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The word of the monarch now held sway in the Liberty, but the area continued to hold itself somewhat separate from the rest of Suffolk.
This situation continued up until about 1970, and the hereditary Stewardship of the Liberty also continued until that time, although its importance was purely nominal by then.
His father was Robert Bacon, of Drinkstone, Esquire and Sheep-reeve to the Abbey of Bury St. In 1540, some of the major local transactions carried out by the Court were as follows: In 1540 Sir Thomas Kytson was still extending his landholdings, and he bought eight of the previously monastic manors in Suffolk.
These were Fornham St Martin, Fornham St Genevieve, and Fornham All Saints, Chevington, Hargrave, Risby, Sextons Manor at Westley, and Monks Hall at Santon Downham. Unlike many other rich men who became landed gentry by buying up the newly privatised monastic lands, Kytson had first put his wealth into property in Suffolk when he purchased Hengrave in 1521. Sir Thomas Kytson died at Hengrave Hall shortly after making these transactions.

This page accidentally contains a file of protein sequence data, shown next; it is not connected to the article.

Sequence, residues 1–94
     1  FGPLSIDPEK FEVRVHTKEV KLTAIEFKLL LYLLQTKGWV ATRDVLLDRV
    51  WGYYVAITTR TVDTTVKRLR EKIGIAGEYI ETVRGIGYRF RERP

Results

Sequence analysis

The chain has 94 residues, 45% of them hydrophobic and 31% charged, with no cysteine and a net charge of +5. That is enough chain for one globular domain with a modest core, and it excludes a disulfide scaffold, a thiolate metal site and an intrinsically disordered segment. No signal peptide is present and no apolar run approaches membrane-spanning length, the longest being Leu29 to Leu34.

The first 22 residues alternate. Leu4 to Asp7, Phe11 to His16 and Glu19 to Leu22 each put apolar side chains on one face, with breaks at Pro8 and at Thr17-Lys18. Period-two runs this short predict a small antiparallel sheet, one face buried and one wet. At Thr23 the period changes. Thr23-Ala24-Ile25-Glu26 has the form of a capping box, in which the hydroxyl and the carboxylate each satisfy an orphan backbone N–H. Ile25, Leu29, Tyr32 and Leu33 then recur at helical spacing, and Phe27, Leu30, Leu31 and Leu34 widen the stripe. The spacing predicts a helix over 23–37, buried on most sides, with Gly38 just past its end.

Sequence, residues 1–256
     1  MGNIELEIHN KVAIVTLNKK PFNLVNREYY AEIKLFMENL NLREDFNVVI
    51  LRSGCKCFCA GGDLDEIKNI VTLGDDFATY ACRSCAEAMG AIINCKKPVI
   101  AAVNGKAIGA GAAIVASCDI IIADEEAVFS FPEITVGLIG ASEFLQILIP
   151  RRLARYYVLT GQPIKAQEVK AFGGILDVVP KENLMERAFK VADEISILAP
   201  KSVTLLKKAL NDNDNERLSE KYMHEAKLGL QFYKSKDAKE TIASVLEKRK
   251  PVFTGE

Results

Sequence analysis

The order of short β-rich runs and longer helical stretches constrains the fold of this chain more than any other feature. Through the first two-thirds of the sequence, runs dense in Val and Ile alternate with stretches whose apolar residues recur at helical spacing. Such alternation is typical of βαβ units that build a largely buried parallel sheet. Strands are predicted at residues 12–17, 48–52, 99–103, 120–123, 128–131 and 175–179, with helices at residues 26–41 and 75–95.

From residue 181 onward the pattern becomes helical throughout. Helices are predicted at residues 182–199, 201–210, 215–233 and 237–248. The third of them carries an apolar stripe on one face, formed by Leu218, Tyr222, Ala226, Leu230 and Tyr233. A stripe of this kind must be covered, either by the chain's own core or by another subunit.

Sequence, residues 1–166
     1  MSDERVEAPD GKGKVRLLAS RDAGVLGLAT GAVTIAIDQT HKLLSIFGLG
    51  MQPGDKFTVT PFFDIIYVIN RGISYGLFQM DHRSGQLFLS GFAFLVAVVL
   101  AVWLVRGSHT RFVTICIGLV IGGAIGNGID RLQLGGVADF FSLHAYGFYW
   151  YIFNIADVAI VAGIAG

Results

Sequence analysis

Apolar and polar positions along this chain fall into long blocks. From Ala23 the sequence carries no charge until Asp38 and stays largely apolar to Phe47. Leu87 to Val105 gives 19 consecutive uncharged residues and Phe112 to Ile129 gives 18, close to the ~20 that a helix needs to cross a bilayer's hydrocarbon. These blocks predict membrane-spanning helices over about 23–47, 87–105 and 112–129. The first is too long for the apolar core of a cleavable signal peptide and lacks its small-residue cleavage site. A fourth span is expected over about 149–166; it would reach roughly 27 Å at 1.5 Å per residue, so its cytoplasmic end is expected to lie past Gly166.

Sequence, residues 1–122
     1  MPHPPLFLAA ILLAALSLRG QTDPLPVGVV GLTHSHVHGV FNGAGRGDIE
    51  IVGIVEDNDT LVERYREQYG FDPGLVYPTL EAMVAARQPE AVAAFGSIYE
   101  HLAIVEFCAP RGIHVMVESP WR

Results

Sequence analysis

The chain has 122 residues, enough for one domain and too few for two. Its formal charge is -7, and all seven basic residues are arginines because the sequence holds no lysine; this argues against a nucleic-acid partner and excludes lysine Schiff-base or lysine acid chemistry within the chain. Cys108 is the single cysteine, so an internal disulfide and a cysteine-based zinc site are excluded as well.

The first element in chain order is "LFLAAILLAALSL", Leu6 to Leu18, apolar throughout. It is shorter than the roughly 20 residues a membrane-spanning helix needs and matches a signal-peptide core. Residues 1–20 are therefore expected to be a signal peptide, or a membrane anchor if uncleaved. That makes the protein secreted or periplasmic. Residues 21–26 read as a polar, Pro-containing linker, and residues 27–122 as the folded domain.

After about 1120 it seems to have become an hereditary post.
By 1536 the post of Steward of the Liberty had passed into the hands of Thomas Howard, 3rd Duke of Norfolk.
In Lavenham, Ipswich, Hadleigh and Bergholt, the independent weavers were restless.
At first this post was appointed by the crown, and later by the Abbot.
The duties included returning writs to the Sheriff, apprehending and holding lawbreakers, and convening the Liberty and hundred courts.
It would probably be 50 years before there was much interest in them from collectors.
Many manuscripts may have simply been disposed of as waste materials.
Unlike many other towns in England at this time, Bury was growing and prospering.